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on 29 January 2013
A fan of pure science fiction, I like this series. This is book three in the saga of an unseen power which has many other races seemingly in it's power and will not allow human beings to develop science and technology any further because this may lead to transcendence. This last book takes you to the heart of their universe and reveals previously hidden secrets.
I like the science bits and there are lots of new ideas in this series. The author explains the science in detail and also describes the battle tactics in detail. I like it when the science is explained and is somehow believeable.
I gave it four stars only because the characters do not quite become as real to me as I would like. Because I read before going to sleep every night, the following night I find I have lost the plot and can't remember all the characters and what is going on. But that is just me!
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This is s good climax to a great series, the ending which I won't tell you about is believeable and not contrived. I got into this after following a few threads from reviews on the Jack Campbell series The Lost Fleet and this is as good, a really enjoyable trilogy well written, absorbing and a good read.

Recommended to all you Sci-Fi space opera fans out there.
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on 10 February 2013
This book is a supriser, i just bought the first one to get me through the day at the gym and when im bored, but i ended up reading it pretty quick, and bought the rest of them, and they are great the only thing i can say is a fault is that the author repeats information a couple times through-out the books but other that that its great!!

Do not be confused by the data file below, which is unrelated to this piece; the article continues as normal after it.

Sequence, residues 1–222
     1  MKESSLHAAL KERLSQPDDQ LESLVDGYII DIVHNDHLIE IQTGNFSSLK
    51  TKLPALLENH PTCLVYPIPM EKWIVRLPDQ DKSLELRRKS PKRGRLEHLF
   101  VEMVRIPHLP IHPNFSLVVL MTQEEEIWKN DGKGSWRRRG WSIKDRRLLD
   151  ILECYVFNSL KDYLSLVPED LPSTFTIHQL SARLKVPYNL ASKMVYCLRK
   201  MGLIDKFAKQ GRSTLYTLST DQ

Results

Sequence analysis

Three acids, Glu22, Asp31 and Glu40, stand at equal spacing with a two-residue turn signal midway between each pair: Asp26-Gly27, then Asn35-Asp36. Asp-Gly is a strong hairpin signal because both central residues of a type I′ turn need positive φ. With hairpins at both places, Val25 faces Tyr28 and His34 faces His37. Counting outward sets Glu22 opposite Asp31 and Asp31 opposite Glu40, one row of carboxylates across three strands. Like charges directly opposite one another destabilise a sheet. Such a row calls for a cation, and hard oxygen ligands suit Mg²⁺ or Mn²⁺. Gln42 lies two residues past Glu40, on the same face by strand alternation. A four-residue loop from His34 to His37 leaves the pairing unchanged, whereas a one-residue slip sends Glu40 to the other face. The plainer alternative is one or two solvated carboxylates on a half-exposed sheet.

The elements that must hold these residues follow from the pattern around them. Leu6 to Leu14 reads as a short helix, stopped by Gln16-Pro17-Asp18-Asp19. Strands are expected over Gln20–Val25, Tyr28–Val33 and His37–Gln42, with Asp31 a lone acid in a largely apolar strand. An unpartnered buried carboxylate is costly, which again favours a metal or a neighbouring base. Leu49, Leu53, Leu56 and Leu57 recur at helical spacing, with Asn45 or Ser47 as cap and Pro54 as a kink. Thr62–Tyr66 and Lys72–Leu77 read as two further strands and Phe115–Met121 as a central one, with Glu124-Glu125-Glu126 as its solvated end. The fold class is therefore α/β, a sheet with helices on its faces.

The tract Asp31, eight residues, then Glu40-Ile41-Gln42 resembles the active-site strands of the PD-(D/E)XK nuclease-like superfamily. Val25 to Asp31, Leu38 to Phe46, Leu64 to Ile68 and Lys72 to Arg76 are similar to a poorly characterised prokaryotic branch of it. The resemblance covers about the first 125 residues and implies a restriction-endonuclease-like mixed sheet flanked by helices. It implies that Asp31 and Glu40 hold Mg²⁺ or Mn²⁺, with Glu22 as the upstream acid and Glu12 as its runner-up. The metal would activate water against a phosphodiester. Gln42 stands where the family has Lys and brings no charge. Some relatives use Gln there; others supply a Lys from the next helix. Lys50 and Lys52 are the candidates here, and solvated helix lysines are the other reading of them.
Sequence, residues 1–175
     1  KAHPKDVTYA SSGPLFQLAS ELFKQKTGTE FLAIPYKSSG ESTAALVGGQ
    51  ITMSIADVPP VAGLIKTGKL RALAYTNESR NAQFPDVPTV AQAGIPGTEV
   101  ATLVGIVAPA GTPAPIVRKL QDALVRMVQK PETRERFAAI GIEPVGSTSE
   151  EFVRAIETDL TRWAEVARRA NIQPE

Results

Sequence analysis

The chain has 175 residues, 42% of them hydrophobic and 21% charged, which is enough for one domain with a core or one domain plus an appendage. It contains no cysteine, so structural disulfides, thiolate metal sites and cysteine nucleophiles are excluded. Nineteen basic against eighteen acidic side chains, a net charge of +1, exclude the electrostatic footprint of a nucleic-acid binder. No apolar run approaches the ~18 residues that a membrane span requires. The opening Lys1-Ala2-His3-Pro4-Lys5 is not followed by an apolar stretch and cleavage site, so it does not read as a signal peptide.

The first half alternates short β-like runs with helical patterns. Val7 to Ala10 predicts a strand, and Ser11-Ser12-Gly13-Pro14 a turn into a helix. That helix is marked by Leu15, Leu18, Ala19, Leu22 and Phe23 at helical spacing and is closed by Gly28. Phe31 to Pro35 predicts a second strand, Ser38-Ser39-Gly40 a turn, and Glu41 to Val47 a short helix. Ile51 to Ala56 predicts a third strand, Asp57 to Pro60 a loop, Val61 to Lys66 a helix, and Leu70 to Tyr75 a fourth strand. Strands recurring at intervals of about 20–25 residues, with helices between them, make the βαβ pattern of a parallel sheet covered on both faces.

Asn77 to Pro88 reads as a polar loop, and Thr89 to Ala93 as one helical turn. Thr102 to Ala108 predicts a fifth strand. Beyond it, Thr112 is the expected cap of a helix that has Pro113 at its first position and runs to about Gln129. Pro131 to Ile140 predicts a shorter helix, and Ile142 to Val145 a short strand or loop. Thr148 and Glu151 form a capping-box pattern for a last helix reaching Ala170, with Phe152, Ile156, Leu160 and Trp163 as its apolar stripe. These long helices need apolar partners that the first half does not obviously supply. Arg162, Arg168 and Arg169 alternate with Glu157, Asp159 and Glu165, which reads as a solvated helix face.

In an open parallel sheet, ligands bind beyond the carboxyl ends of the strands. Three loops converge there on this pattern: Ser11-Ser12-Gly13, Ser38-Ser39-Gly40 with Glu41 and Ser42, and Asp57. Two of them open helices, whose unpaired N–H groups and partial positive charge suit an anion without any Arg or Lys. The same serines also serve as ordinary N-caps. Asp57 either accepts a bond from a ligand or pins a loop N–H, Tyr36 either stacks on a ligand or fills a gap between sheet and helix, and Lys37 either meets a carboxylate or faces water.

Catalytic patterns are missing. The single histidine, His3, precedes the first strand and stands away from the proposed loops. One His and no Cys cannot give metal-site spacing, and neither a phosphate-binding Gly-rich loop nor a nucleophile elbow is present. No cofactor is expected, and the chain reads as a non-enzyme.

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on 22 July 2013
This is an enjoyable read that concentrates on action from a space fighter pilot's perspective. The book is a good read but the repetitive explanations of the same technology in several places in the book can be jarring. The read is not totally immersive and some of the attempts to make social comment in the book fall a bit flat.
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on 7 January 2013
3rd book in the series, worth the read but the space battle scenes are rather 'samey' and the ending is a little disappointing, it kinds fizzles out...

If you do read this the books should be read in sequence.
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on 29 April 2013
Brought the series as I love Science fiction stories. there is one disappointing aspect to Ian Douglas style and that is repeating the same explaination too many times for the equipment in the stories.
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on 9 December 2012
Really enjoyed this series of books - more so than I expected. There's a level of detail and believability that appeals to me. Great. A depth to the main characters, too, which is always a bonus.